ABI reported in January that 32% of the 221.5 million Android phones shipped in the fourth quarter of 2013 used forked versions from Android Open Source Project (AOSP) manufacturers -- an increase from 20% a year earlier.
The AOSP phones made by vendors such as Xiaomi, Coolpad, Giomee and others don't offer Google services to customers, which cuts into Google's ability to monetize the Android ecosystem, according to Spencer.
Ultimately, Google has a financial incentive in all of this and Android Silver is "certainly an attempt to control the OS and reduce fragmentation," Spencer said.
7. Aren't high-end phones costing more than $200 with a carriers subsidy on the wane?
It's true that analysts feel the smartphone market is saturated, especially at the high-end, but Google must feel there's still potential to reach early adopters with quality devices that can compete against the iPhone.
That's why a pure Android phone in the Android Silver category matters. Because Google works from an advertising model, it needs to offer up more ads from inside its services to consumers who can and want to buy things.
"First and foremost, Google wants to track everything consumers do, including what they like, dislike, where they are, where they are going and who they are with. This maximizes the advertising opportunity," said analyst Patrick Moorhead, an analyst at Moor Insights & Strategy.
"To get this rich, contextual information, Google needs consumers to use their branded services like Search, Maps, Play, Contacts, Calendar, Chrome, Gmail and more," Moorhead added. "Android Silver is an attempt to get more high-end phones to lead with Google services and provide an alternative to Samsung. Google is concerned that Samsung has such a lead at the high end Android market that Google needs a more level playing field or it will lose control."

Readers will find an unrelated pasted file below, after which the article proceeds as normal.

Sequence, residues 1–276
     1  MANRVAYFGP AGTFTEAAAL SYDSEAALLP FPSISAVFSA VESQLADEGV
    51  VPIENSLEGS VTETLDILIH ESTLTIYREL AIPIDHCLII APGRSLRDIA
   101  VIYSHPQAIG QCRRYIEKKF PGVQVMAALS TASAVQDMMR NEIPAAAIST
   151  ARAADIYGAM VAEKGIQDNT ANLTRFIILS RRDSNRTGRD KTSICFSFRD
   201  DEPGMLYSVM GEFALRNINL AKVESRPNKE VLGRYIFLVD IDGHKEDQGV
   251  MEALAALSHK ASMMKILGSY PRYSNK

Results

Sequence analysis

Still, Ramon Llamas, an analyst at IDC, thinks Android Silver will not be an easy approach for device makers who compete against each other.
"For the last 18 months, we've been hearing how the high-end is saturated," he said.
"You already have the LG G series, Samsung's Galaxy S series, the Moto X and the HTC One, so now Google's asking manufacturers to put together yet another high-end handset labeled Android Silver? And when it is done, is that Google's handset or is it the OEM's? And how does an OEM position its Silver against the other guy's Silver?"
Even if Lenovo brought Android Silver into the U.S., how would it face off against the Moto X? Llamas asked. "The Moto X is definitely no slouch," he said.
8. Obviously, analysts disagree on how much control Google is trying to wrest from device makers or carriers with Android Silver. What gives?
Part of the problem is that Android Silver isn't yet an official, confirmed program, so the details aren't clear, meaning analysts will keep offering differing sentiments.
Sometimes big companies release concepts through anonymous sources to act as a trial balloon in public to induce feedback from various fronts and constituencies.
It seems like Google will move ahead with Android Silver, although it's likely another round of Nexus devices will surface before that happens.
While most analysts see Android Silver as a reaction to growing Android fragmentation and especially to Samsung, Narcotta said he sees a far more ambitious goal.
"I definitely think Android Silver about Google becoming very focused on making sure that Android's appeal and profile is raised among all consumers, especially with wearables, Chromebooks and other Android-powered devices beginning to gain traction," Narcotta explained.
Matt Hamblen covers mobile and wireless, smartphones and other handhelds, and wireless networking for Computerworld. Follow Matt on Twitter at @matthamblen or subscribe to Matt's RSS feed. His email address is firstname.lastname@example.org.
Read more about mobile/wireless in Computerworld's Mobile/Wireless Topic Center.
Join the CIO Australia group on LinkedIn. The group is open to CIOs, IT Directors, COOs, CTOs and senior IT managers.